Academic journal article International Review of Mission

The Tao and the Logos: Lao Tzu and the Gospel of John

Academic journal article International Review of Mission

The Tao and the Logos: Lao Tzu and the Gospel of John

Article excerpt

Introduction

In the year 635 AD, the first Christian missionary, Bishop Alopen of the Nestorian Church, arrived in China. The arrival of Alopen at the Chinese capital Chang-an during the T'ang dynasty, in the reign of the emperor T'ai Tsung (627-650 AD), was described in this manner:

"The Emperor ordered Fang-li-wen-ling, first minister of the empire, to go with a great train of attendants to the Western suburbs to meet the strangers and bring them to the palace. He had the Holy Scriptures translated in the Imperial Library. The court listened to the doctrine, meditated on it profoundly and understood the great unity of truth."(1)

In that same year, St Aidan came to preach the Gospel in Northumbria in England. If the Gospel had taken root in China in the same way as it did in England, world history would have been quite different. In 1583, a young Jesuit priest Matteo Ricci, accompanying Michele Ruggieri, arrived in Zhaoqing, administrative capital of the provinces of Guandong and Guangxi, to the west of Canton, to begin the modem chapter of Christian missionary work in southern China.(2) Yet these missionaries knew nothing of the existence of that ancient Nestorian church which had been established in China nearly a millennium before them.

Why had the first attempts at Christian missionary work in China not taken root? Many reasons have been put forward. However, failure at the level of interaction between the Gospel and Chinese culture has been considered an important factor.(3)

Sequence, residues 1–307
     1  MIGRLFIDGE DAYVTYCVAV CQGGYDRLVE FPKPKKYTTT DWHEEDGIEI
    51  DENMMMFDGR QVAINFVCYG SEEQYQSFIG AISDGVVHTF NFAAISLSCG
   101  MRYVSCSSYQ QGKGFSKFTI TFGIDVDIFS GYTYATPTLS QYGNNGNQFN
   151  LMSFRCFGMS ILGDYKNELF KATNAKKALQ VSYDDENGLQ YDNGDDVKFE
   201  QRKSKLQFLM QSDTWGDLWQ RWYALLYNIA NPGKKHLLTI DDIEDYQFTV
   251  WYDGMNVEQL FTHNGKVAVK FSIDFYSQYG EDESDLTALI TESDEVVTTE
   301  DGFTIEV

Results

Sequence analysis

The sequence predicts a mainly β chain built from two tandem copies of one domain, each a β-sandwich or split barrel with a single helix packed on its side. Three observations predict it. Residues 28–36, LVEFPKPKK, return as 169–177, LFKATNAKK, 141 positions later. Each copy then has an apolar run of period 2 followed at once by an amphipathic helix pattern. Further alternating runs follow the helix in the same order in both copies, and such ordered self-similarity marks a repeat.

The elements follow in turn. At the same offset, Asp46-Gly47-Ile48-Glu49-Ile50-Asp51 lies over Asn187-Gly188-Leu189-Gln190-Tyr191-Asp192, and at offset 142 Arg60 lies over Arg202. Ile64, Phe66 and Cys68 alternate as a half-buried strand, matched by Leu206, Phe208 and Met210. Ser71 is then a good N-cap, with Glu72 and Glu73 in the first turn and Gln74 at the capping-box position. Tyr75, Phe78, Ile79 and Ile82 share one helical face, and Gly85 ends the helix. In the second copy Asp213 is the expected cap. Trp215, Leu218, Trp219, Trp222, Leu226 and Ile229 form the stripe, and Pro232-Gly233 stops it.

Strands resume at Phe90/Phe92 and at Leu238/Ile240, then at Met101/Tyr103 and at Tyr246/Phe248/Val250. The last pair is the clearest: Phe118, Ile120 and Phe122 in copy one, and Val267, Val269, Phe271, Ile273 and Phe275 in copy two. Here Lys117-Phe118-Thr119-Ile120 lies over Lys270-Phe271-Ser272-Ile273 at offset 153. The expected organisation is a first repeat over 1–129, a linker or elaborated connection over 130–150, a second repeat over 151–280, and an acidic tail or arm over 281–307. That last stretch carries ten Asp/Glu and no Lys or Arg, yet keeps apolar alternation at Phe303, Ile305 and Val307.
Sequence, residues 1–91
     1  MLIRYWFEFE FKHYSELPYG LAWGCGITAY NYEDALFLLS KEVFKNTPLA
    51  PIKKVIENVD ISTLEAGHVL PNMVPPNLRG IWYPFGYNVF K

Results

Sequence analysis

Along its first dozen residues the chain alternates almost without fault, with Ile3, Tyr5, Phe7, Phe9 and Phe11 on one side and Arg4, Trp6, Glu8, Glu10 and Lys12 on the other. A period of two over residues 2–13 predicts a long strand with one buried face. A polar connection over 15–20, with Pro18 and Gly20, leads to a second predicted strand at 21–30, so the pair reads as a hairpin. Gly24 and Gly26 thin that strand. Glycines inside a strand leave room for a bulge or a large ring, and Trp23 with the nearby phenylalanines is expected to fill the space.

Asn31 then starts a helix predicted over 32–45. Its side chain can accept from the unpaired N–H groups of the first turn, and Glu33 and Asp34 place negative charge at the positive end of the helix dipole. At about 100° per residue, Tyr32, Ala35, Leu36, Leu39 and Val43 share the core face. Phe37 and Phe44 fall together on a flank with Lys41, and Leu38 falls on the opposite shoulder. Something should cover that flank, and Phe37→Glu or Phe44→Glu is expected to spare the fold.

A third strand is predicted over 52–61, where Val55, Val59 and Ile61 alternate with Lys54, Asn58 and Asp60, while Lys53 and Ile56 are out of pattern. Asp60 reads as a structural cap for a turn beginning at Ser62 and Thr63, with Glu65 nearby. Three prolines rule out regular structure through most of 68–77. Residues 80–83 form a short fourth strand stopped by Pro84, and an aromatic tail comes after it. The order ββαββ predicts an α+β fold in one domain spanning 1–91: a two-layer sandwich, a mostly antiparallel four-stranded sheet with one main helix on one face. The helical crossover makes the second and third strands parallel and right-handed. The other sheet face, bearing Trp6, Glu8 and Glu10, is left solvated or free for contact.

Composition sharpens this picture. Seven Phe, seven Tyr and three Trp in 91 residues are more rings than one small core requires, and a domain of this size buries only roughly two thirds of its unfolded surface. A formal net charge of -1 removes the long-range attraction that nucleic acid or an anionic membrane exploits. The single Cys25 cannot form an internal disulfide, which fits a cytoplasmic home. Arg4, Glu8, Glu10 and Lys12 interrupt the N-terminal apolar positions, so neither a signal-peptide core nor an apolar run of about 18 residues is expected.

Let us start examining the interaction of Gospel and culture with John 1:1. The Greek Logos is translated into English as "the Word," and into Chinese as "the Tao." The original concept of Tao comes from Lao Tzu in his treatise Tao Te Ching, which is generally accepted to have been written in the sixth century BC.

Discovery of the ancient texts of Tao Te Ching

The earliest texts extant of Tao Te Ching, dated around the second century BC, were discovered in China between November 1973 and January 1974. Paul Lin gave this description of the discovery of these texts.

"In the Han Tombs on Ma-Wang-Tui (Horse King Heights), Changsha, Hunan, two ancient and previously lost editions of the Tao Te Ching were unearthed. Both were written with brush and ink on silk.

The first of these silk books was found on a piece of wood about 24 cms high, which included four ancient lost books without titles. There were a total of 463 lines and over 13,000 words. The book has been dated between 206 and 195 BC, based on the type of characters used (the small-seal type) and the fact that the name of Liu Pang (247-195 BC) was not avoided... Because the second book was written in clerical style characters and avoided the use of Liu Pang's name - but not the names of Liu-Ying (207-188 BC) and Liu Hung (202-157 BC) - it has been dated between 194 and 180 BC."(4)

The Tao and the Logos

In the opening verse of the first chapter of Lao Tzu's Tao Te Ching, we read:

"The Tao that can be spoken of is not the eternal Tao; The Name that can be named is not the eternal Name. The Nameless (non-being) is the origin of heaven and earth; The Nameable (being) is the mother of all things."(5)

In searching for a Chinese equivalent for Logos, L.X. Zhang posed these questions and gave his solution:

"One may begin to wonder, Is it possible that logocentrism or the metaphysical hierarchy with regard to thinking, speaking, and writing also exists in the Eastern tradition? Is there a Chinese word that denotes, as the word logos does, something equivalent or similar to the Western metaphysical hierarchy?

By a most curious coincidence, there is indeed a word in Chinese that exactly captures the duality of thinking and speaking... Stephen Ullmann also observes that logos as a notoriously ambiguous word has a serious effect on philosophical thought because it "has two chief meanings, one corresponding to Latin oratio, "the word or that by which the inward thought is expressed," the other to Latin ratio, "the inward thought" itself. …

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